News - 20 October 2001
Summit split as EU leaders snub call to overthrow Kabul regime
George Jones and Ambrose Evans-Pritchard., 20 October 2001.

[excerpt]  European leaders backed away last night from endorsing a call for the overthrow of Afghanistan's ruling Taliban regime as tensions emerged over the operation of the American-led military strikes. At a fractious meeting in the Belgian city of Ghent, the EU decided to call instead for "elimination of the terrorist al-Qa'eda network as responsible for the terror attacks on the US."

Commentary and Analysis - 19 October 2001
Don't Blame Saddam for this one
Scott Ritter. Guardian Unlimited, 19 September 2001.

[excerpt]  America's policy towards Iraq continues to be one of abject failure, and President Bush's administration exhibits the same level of frustration and impotence shown by its predecessor in trying to piece together a viable plan for dealing with Saddam's continued survival. Washington finds itself groping for something upon which to hang its anti-Saddam policies and the current anthrax scare has provided a convenient cause. It would be a grave mistake for some in the Bush administration to undermine the effort to bring to justice those who perpetrated the cowardly attacks against the US by trying to implement their own ideologically-driven agenda on Iraq.

Public Opinion - 12 October 2001
Two-thirds in US fear escalation into wider war
Guardian Unlimited, 12 Ocotber 2001.

[excerpt]  Respondents [to an ABC News poll] were asked whether they were worried that the conflict could turn into a broader war between the US and its allies against Arabs and Muslims. Sixty-six percent said they were worried (25% greatly worried and 41% somewhat worried), while 33% said they were not worried and 1% had no opinion.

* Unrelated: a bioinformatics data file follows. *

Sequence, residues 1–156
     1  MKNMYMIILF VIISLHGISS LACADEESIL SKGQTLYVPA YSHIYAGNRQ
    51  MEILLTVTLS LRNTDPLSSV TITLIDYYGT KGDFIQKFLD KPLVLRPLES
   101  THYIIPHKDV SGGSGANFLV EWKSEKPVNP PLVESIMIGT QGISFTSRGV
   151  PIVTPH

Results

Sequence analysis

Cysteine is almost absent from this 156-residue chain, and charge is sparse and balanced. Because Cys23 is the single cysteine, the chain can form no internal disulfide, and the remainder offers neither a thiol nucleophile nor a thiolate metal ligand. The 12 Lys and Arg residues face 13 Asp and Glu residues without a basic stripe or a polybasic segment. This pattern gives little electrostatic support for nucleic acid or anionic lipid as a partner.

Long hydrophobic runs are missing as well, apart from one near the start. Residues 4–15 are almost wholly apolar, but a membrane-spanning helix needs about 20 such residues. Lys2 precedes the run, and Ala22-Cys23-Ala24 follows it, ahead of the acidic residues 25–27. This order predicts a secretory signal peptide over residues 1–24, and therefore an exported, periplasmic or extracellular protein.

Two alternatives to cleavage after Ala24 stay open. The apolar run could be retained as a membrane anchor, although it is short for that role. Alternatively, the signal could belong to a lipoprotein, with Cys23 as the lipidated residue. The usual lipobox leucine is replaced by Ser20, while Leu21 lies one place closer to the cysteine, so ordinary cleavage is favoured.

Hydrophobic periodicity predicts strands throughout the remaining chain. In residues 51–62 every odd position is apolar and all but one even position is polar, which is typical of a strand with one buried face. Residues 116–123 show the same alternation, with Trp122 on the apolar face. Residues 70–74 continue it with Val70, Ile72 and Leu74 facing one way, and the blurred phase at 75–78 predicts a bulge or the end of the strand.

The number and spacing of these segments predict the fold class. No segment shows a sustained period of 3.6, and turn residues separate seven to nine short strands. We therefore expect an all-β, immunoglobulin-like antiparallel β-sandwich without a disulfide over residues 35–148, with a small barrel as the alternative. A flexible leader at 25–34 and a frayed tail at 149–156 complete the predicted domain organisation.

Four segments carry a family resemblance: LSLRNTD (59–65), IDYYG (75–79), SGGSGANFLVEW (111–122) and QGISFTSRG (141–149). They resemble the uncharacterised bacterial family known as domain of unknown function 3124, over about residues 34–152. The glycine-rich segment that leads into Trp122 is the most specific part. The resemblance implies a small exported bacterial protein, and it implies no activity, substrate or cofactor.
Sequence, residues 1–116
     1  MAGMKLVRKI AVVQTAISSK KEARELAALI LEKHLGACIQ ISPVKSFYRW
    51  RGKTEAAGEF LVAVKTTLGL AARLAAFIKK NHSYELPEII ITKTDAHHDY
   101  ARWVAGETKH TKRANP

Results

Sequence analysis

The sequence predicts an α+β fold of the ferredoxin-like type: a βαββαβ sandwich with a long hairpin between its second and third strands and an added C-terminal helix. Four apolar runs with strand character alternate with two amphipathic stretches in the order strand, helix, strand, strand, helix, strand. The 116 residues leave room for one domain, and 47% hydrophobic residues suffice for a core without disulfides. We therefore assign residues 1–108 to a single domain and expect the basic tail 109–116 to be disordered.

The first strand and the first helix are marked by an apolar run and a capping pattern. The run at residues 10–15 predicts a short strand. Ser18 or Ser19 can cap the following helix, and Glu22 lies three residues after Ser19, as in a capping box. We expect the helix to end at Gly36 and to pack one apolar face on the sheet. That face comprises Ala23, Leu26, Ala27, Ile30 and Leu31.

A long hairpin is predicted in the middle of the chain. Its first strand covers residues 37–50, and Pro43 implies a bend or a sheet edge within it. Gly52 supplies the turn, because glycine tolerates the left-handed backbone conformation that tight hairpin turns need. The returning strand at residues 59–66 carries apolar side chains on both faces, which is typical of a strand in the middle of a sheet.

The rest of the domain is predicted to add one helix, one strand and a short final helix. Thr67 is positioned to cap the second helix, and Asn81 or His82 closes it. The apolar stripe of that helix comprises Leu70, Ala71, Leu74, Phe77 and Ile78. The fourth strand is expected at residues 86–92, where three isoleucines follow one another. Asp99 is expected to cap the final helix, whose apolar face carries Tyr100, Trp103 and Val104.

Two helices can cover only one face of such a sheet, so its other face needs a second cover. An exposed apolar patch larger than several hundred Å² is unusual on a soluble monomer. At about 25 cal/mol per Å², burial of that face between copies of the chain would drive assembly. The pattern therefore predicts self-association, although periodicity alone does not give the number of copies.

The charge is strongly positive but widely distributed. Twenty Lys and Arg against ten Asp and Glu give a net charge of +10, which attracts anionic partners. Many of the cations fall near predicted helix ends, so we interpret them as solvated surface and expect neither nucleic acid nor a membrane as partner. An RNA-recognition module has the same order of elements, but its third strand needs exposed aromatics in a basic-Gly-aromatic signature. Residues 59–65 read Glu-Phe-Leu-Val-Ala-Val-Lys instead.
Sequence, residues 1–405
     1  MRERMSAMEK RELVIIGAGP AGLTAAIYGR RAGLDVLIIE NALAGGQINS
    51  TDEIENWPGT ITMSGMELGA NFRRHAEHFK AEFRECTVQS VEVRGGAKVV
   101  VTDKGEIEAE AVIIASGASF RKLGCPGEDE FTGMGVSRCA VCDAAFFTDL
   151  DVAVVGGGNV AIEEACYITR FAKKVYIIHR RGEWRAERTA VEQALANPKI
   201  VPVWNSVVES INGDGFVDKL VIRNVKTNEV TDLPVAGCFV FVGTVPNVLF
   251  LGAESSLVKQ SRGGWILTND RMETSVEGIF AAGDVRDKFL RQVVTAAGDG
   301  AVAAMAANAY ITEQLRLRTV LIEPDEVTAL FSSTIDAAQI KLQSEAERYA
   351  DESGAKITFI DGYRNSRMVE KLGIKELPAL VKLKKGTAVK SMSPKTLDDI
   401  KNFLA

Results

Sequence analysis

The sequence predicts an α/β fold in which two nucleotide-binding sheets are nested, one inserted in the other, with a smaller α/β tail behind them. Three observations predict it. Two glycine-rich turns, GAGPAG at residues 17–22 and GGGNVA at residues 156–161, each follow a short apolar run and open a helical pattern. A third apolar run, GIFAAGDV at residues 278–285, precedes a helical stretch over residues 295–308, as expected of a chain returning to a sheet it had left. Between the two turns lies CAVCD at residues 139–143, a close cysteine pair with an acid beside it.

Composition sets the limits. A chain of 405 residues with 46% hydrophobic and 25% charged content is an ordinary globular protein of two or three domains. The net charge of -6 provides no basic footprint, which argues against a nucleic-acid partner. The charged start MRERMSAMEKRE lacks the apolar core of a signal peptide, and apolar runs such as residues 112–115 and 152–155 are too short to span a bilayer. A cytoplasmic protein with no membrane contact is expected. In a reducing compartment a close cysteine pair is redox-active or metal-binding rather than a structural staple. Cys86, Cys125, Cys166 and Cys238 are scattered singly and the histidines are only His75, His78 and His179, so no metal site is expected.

Commentary - 09 October 2001
"After Afghanistan, Iraq?"
Robert Novak. Creators Syndicate, Inc., 09 October 2001.

[excerpt]  ...conventional military power alone cannot win the war against terrorism. Nevertheless, there is a strong viewpoint inside the Pentagon that the second target -- after Afghanistan -- has to be Iraq. Even the most hawkish officials privately admit that there is no evidence linking Baghdad to the Sept. 11 attacks, but they want to conclude the unfinished task of a decade ago anyway. According to White House sources, that is not good enough for President Bush. He wants a better justification for an attack on Iraq to present to the world. Although he certainly has not ruled out going after Saddam, Bush is wary of aligning his nation against the Arab world. The president's coalition-building efforts (including his support for the concept of a Palestinian state) led to Israeli Prime Minister Ariel Sharon's ill-tempered comparison of Bush's quest for the 1938 sellout of Czechoslovakia by the western democracies. When Sharon was rebuked by an official White House statement, his advisers immediately began making excuses for their boss's insult of Israel's protector and benefactor. On Saturday, Sharon himself sought out American journalists to claim he was misunderstood. Still, the suddenly delicate U.S.-Israeli relationship remains a critical factor on how Bush pursues the war against terrorism. There is strong feeling among American conservatives that an attack on Iraq is essential to protect U.S. national interests and that keeping Arab states as members of the anti-terrorist coalition is neither possible nor desirable. In their view, Israel is ally enough. Secretary of State Colin Powell tells Bush that this position is madness. The president's 80 percent-plus approval rating will only rise if the Taliban regime crumbles under the weight of Anglo-American arms. He then will have an open mandate to press on against Saddam Hussein. That temptation will test George W. Bush's prudence and wisdom.

News and Analysis - 06 October 2001
Washington unsure of targeting Hizbullah in war against terror
Nicholas Blanford. Daily Star Lebanon, 06 October 2001.
Posted on The Free Patriotic Movement (Lebanon) Website.